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A. Neumaier
Mar8-12, 08:51 AM
Sci Advisor
P: 1,943
Quote Quote by Ken G View Post
Not quite-- that paper requires that the bath molecules have much larger mass than the quantum particles, whereas I get the sense the OP is interested in just more water inside of water. In other words, the paper seems to focus on situations where the "cut" is imposed by a greater "classicalness" of the individual particles in the bath, rather than by the sheer weight of numbers of the particles in the bath. It's still clearly an interesting and relevant reference though! It would seem the next step is to try to generalize that type of approach for systems of large numbers of molecules rather than high mass molecules, but it will require an approach that doesn't expand in a small parameter (or finds some other clever way to do that).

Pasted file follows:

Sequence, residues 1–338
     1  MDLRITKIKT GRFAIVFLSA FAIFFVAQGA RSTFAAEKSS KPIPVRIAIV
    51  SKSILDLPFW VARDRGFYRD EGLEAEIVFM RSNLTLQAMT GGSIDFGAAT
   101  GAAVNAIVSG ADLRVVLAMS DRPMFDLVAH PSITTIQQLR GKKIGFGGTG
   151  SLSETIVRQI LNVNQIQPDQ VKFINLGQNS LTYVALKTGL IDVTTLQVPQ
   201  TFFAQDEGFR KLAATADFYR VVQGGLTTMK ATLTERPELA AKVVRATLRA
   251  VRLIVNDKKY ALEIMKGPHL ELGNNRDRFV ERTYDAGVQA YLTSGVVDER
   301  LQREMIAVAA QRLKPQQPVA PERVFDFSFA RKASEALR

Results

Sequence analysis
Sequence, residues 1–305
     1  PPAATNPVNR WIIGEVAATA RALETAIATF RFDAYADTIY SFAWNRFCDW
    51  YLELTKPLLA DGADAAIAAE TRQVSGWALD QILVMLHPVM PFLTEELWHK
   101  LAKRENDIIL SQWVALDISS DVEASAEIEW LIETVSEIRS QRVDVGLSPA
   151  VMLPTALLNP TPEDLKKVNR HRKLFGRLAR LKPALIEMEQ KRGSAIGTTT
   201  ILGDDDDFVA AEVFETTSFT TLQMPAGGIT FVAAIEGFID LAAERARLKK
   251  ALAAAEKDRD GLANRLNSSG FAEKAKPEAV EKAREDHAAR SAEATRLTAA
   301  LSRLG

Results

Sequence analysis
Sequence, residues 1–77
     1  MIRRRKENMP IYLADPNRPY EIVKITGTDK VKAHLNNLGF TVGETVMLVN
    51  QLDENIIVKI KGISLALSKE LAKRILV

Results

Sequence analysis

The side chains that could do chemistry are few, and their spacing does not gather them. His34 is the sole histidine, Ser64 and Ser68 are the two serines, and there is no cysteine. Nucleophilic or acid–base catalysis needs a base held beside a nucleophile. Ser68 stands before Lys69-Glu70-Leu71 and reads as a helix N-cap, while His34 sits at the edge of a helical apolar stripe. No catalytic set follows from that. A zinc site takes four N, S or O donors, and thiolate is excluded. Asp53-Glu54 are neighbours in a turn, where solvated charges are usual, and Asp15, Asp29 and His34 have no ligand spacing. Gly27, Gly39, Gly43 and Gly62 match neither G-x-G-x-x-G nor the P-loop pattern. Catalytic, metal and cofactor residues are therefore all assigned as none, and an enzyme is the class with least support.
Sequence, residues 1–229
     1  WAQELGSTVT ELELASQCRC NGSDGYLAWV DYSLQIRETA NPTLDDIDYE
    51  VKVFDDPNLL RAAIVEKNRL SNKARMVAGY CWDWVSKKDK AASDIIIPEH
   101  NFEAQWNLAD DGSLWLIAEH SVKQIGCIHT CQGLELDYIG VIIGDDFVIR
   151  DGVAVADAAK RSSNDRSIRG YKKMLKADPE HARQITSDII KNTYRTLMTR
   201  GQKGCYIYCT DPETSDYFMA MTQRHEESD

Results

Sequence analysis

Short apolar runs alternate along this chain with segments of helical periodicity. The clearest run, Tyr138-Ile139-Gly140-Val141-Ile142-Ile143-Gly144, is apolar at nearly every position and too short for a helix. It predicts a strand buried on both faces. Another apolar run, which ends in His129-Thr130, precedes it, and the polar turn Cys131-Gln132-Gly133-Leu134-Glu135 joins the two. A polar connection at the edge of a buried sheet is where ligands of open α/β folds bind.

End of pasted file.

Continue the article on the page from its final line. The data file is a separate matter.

If the environment consists of different particles than the single molecule, the situation is similar, even if the molecule is as heavy or heavier than the particles in the environment.

But a water molecule surrounded by water is different as the different water molecules are indistinguishable. (A practical question is: How does one remember which molecule was singled out, as all are indistinguishable?)

In any case, the answer is here given by the 1-particle reduced density operator of statistical mechanics (if the water molecule is considered as asingle particle). See. e.g., Chapter 7F of Reichl's book on statistical Physics.